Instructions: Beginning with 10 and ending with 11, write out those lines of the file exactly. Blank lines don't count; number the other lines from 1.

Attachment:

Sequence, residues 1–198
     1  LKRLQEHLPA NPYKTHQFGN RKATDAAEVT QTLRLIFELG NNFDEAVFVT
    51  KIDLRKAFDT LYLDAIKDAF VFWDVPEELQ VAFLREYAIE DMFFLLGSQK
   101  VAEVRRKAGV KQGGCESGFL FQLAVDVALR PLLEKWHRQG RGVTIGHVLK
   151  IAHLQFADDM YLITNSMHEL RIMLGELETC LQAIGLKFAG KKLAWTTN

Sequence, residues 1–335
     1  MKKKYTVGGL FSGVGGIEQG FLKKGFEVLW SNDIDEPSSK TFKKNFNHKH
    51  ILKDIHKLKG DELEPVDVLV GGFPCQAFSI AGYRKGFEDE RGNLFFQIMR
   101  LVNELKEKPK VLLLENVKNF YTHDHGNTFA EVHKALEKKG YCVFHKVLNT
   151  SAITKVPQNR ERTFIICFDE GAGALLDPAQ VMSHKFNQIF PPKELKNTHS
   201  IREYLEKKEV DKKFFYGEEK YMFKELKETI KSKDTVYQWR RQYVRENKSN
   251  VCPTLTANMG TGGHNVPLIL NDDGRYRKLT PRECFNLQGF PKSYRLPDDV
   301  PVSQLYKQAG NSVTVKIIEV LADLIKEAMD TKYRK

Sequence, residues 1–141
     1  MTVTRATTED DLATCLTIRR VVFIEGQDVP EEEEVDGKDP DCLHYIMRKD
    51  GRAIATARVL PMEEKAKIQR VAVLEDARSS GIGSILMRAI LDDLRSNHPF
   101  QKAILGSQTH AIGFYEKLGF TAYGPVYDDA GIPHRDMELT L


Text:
   151  SAITKVPQNR ERTFIICFDE GAGALLDPAQ VMSHKFNQIF PPKELKNTHS
   201  IREYLEKKEV DKKFFYGEEK YMFKELKETI KSKDTVYQWR RQYVRENKSN